Eldkraft – Shaman


I remember those cold winter days when I would brew myself a warm cup of coffee and enjoy watching the snow cover the ground while listening to, for example, Bathory‘s Nordland I and II. Nowadays there are not nearly as many epic releases that, without the use of grandiose choirs and orchestration, are able to paint such an enthralling image in the listener’s mind. When I came across Eldkraft, and while reading the press release, I began having high hopes for their debut album, Shaman.

The band succeeded in creating a really good atmosphere, mainly relying on the basic instruments along with some additional orchestrations and choirs here and there. This atmospheric approach, still relying upon heavy guitars, works well for Eldkraft, and really brings to mind some of the finest works of Bathory or Primordial. The guitar work really deserves most of the credit, as the mournful and emotionally powerful melodies really shine on this record. The epic atmosphere of the Norse mythology is also expressed through the drums,  varying from blast-beat style in “Gränslös Gräns” to tribal rhythms in “Undrets Tid.” As it draws from several of different musical influences, from early Tyr to Summoning, and even Candlemass, evident in “Fate’s Door”, the album  shows a lot of diversity, while still retaining a touch that makes the songs authentic.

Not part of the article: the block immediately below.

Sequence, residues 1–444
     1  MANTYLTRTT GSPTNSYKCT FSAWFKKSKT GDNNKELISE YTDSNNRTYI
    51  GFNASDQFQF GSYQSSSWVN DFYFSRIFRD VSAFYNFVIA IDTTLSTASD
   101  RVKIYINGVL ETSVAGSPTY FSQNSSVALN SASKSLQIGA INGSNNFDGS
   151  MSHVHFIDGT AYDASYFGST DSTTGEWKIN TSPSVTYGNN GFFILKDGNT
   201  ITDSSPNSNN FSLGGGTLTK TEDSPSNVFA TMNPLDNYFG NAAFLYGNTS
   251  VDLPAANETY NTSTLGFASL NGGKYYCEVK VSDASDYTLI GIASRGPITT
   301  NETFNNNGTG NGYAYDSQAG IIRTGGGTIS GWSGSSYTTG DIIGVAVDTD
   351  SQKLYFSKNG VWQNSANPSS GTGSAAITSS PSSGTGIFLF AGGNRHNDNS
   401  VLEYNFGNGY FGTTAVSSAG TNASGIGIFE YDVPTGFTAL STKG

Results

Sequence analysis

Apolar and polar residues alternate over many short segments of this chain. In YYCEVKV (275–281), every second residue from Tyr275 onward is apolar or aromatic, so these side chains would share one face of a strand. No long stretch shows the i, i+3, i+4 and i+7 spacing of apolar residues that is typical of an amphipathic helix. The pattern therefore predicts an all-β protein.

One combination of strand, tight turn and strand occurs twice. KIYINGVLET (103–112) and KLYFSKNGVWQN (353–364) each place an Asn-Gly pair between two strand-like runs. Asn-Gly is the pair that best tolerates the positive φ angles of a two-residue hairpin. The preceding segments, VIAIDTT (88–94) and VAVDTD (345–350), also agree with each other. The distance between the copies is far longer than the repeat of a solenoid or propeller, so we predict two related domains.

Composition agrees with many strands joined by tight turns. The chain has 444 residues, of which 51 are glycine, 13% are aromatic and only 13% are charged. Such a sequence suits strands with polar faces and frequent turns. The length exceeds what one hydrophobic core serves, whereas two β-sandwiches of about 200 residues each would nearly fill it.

On the other hand, while the vocals really thrive at times, at other times they sound like a parody of themselves. Despite a nice tenor touch, J. Sandin improvises with a bit harsher styles or doom-metal inspired wails, reminiscent of Messiah Marcolin (ex-Candlemass). Still, his performance could have been a lot better without the over-use of superfluous layers, and their arrangement and production should be something the band focuses on more on the next record. While the songs have a lot of potential, they sound almost the same; even though there’s a clear potential here,  the lack of memorable moments (nothing really sticks out) ruins the overall impression.

The bottom line is that although Eldkraft are skilled musicians, there’s definitely a lot of space for improvement in terms of songwriting, vocal production and performance. Apart from that, and the fact that the album needs a stronger hook, we are looking at a fairly solid debut record that might turn a few heads, but is definitely a long way from challenging similar releases by the recognized names of this genre.

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